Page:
Speeding up detection of climate change response to emission reductions

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Using wind power could help humans slow down carbon emissions. A LLNL scientist and collaborators have developed a novel approach to more quickly see the temperature response to strong emissions reductions. Credit: Adobe Stock.

If humans decrease their greenhouse gas emissions to the atmosphere, how quickly would we detect a slowdown in global warming?

In a recent study published in Nature Communications, Lawrence Livermore National Laboratory (LLNL) climate scientist Mark Zelinka and collaborators developed a novel approach to more quickly see the temperature response to strong emissions reductions.

“Global temperature has very clearly risen over the past 100 years or so, but superimposed on that is a lot of year-to-year variations,” Zelinka said. “These are related to things like El Niño and La Niña events that happen every couple of years that can make one year substantially warmer or cooler than the one before.” 

These natural climate fluctuations create significant “noise” that can mask the underlying “signal” of human-caused temperature changes. This complicates the seemingly simple task of detecting a change in the global warming rate, especially on short timescales of a decade or less.

“We used a tool developed here at LLNL that allows us to filter out these short-term contributions to the global warming rate,” Zelinka explained. “Not only does this allow us to more clearly see the steady upward trend in temperature caused by past greenhouse gas emissions, but we can also use it to better detect a change in the warming rate caused by future emissions reductions,” he added.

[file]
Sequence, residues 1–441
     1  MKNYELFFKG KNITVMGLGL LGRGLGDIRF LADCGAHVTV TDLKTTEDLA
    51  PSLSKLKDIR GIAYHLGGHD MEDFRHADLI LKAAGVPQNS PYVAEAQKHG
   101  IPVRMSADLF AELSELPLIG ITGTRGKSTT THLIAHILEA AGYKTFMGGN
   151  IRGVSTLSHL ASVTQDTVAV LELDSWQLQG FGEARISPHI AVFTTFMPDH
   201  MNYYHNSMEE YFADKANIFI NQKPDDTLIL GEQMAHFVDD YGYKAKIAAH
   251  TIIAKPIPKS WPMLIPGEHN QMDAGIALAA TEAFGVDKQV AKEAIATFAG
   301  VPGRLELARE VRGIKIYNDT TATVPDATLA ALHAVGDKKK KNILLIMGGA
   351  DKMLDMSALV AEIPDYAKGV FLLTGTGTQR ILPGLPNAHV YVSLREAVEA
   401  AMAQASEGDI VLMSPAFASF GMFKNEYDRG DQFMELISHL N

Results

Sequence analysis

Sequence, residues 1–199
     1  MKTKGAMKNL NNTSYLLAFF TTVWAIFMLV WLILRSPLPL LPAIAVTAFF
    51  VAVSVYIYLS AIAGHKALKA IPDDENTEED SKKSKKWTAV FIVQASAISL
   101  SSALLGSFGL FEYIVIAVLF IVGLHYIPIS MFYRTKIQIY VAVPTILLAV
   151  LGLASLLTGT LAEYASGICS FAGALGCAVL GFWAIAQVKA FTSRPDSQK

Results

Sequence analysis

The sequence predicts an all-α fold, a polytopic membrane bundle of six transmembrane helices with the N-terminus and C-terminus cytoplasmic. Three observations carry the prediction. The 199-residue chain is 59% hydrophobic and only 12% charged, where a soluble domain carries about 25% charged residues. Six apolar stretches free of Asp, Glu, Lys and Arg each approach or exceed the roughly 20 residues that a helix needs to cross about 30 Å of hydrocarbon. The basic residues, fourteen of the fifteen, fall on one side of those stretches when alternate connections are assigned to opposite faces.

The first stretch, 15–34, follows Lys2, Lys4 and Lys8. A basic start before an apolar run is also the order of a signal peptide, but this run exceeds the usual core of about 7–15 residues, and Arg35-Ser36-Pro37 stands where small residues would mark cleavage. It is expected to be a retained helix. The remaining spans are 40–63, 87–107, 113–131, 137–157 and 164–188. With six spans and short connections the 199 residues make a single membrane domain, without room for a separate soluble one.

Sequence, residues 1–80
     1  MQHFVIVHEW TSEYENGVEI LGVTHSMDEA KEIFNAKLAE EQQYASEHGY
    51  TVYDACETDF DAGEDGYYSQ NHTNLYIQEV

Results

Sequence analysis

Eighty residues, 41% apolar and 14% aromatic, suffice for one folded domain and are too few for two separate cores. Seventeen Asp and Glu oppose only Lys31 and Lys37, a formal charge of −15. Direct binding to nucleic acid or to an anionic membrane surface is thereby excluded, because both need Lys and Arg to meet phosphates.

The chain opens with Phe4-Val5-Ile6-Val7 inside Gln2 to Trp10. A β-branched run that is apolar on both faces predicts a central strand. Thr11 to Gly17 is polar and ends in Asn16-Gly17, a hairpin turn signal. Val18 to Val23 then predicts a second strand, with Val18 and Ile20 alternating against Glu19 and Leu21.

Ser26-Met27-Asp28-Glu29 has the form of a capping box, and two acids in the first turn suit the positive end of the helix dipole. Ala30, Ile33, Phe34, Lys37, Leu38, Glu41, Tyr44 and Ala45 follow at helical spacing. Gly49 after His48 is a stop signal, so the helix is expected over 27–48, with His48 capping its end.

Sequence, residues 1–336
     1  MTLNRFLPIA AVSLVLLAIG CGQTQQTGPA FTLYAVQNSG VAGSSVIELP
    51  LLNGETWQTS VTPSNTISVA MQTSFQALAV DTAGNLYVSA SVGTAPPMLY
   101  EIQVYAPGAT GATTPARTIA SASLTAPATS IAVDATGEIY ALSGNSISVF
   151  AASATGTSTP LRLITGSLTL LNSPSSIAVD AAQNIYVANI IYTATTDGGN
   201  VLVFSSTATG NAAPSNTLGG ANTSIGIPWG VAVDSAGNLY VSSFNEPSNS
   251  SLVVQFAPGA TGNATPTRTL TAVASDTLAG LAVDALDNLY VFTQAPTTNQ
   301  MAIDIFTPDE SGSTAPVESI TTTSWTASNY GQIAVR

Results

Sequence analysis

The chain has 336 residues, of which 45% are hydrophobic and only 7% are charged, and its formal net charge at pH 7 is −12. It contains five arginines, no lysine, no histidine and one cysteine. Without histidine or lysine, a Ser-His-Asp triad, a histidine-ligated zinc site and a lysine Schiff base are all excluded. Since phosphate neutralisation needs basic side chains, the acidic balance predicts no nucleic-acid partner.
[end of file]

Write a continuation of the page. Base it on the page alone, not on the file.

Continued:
While sharp emission reductions will immediately affect global climate evolution, the noise from internal variations mean that — up until now — verification in measurements could take up to 20 years. The new climate variability filter cuts this time in half.

“This will provide crucial confirmation that emission reductions are having an observable effect on the global climate system — information that might otherwise be masked by the noise of natural climate fluctuations,” noted lead author Bjørn Samset, from the CICERO Center for International Climate Research in Norway.

Tools such as these promise a faster way for policy makers to understand the impact of emission reductions on global climate — crucial information for tracking progress towards avoiding dangerous levels of climate change. It also is timely, in light of the just-released Intergovernmental Panel on Climate Change AR6 WG3 report, which highlights the urgency of emissions reductions and provides roadmaps for doing so

Other collaborators include researchers from Nanjing University in China, the Max Planck Institute for Meteorology in Germany and Universität Hamburg in Germany. LLNL’s research is funded by the Department of Energy, Office of Science, Regional and Global Model Analysis program area within the Earth and Environmental Systems Modeling Program.